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Volunteer Army?
.
Let's hear it for a DRAFT!

April 2007


 

Yes, sure enough, that's me. I ask the same question every time I look at that picture that you probably are asking now--"Could Doug Sterner have ever really been that young?" That photo was taken 1969, when I was young, naive, freckle-faced and scared. It wasn't a fear of being sent to Vietnam that concerned me then; I had already volunteered three times to go to Vietnam, and signed up for a special course that mandated it. My only fear was that Basic Training that kill me first.

When I think about how young and innocent I appear it that picture, my first thought is, "How can you not only send a kid like that to war, but go so far as to put stripes on him and put him in charge of other men in a dangerous and deadly situation?" 

Of course, that photo was taken a few weeks into Basic Training thus, in fact, THAT was NOT the kid the Army sent to war. Eight weeks of basic training, another eight weeks of A.I.T., and then a six-month Non-Commissioned Officer Candidate Course changed the kid you see in that photo. That's me again at the right, only a few months later. The Army did what my parents probably thought was impossible; it took a shiftless and floundering teen-age boy and turned him into a man. From the Army I gained maturity, self-confidence, a deep respect and commitment to my comrades, and a passionate love of my country. You see, I've seen life on the other side of the globe and I know first-hand how bad it can be elsewhere, and just how fortunate we are to live in THIS country we call the U.S.A.

To be sure, not all of the guys who went through training with me were volunteers. Many were draftees, young men who for lack of a college deferment or influential parents, received that letter of "Greetings" from the Draft Board. That is NOT to say, of course, that we were an uneducated lot. Our ranks included High School dropouts, High School Graduates, and more than a few men who had college degrees. Contrary to common opinion, the Vietnam War Military was the most-highly-education force in our Nation's history to that time.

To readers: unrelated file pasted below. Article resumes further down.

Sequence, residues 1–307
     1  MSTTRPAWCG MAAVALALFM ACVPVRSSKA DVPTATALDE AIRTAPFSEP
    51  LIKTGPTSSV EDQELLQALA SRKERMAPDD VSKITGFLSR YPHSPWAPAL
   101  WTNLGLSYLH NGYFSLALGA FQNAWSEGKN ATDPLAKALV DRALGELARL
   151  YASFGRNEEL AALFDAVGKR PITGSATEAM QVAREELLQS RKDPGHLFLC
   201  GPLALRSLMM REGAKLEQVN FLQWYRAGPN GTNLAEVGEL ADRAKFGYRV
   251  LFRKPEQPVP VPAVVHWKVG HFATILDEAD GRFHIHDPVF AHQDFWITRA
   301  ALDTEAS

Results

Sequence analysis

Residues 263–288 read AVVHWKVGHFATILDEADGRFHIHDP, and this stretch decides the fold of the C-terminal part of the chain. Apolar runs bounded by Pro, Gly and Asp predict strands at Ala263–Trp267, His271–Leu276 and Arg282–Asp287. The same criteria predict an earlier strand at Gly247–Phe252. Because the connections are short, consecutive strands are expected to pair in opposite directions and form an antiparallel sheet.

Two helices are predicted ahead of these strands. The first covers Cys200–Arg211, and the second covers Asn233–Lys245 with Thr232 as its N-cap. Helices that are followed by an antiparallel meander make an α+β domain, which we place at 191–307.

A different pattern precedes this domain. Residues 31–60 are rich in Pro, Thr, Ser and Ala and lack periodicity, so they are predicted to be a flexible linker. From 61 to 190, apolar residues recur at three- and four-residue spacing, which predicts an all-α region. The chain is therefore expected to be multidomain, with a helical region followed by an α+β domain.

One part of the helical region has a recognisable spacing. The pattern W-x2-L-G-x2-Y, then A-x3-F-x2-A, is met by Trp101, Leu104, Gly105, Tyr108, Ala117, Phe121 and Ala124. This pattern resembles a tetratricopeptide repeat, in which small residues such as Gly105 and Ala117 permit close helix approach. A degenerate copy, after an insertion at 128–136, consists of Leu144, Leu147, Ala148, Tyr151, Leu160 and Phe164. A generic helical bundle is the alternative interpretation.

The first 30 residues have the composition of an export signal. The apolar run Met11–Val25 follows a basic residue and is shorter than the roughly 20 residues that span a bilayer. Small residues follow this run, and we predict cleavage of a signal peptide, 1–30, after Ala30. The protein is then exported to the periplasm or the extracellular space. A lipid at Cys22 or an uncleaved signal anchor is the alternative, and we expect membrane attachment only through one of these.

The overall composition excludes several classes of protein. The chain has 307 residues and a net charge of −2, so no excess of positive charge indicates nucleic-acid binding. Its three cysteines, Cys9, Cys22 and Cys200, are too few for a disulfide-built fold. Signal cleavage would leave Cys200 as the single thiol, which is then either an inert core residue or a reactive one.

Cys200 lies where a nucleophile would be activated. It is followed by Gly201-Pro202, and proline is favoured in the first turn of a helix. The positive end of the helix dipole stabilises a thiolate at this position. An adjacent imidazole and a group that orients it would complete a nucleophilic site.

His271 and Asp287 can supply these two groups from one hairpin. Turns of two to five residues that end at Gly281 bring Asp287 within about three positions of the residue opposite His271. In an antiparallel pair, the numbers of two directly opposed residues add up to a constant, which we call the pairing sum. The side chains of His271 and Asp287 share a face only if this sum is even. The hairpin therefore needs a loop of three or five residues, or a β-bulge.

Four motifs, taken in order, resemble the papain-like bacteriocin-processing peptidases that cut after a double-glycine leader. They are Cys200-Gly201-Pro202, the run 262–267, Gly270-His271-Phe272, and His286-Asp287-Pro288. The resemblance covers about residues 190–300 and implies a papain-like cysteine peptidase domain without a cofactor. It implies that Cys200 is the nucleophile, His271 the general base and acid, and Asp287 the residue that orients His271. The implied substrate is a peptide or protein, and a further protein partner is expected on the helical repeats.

We were the volunteers, the drafted, and there was in fact a third group among us--the Volunteered. These were often the "lost young men"--boys who seemed to have trouble finding themselves, or who were good at finding trouble. Some were volunteered by exasperated parents, others were volunteered by a judge who said, "You've got two choices, join the military or go to jail!" The latter was not without precedent in time of war when it was necessary to increase the size of our military. It was done during the Korean War, just as it had been done during World War II. Call it blackmail if you will. Personally, I call it giving the needy a golden opportunity.

Not so since the end of the Vietnam War. The Draft is gone and we now take pride in an All-Volunteer Army. In fact, not only does our Nation no longer conscript unwilling young men to military service, in an effort to build a more professional military, we have imposed some rather high standards for enlistment. The troubled teen with a juvenile record, the rebellious kid who started hanging out with the wrong crowd and got busted with weed, the party-boy with a D.U.I.--they are out-of-luck if they try to join the military in this day and age. The gang-banger doesn't stand a chance!!!

Just last week while contemplating a subject for an over-due "Talking Points" article, I read a letter in the Navy's November 1942 "All Hands". The letter was written by General George C. Marshall, the Army's Chief of Staff, in response to a letter that reached him from the mother of a would-be soldier. Obviously, from the nature of the boy's mother's letter, the kid was a bit of a handful and "hard to handle and his first officers did not help much; then he was transferred and his new lieutenant, taking the pains, worked with the boy and set him straight." General Marshall's reply is of note:

"I am sending you the enclosed letter because I think you will feel repaid for the time and effort you spent on this boy. It is personally gratifying to hear of such instances of intelligent and understanding handling of recruits. The ability to make soldiers from unpromising material is a major characteristic of that invaluable military talent--leadership. 
"Faithfully yours," G. C. Marshall, Chief of Staff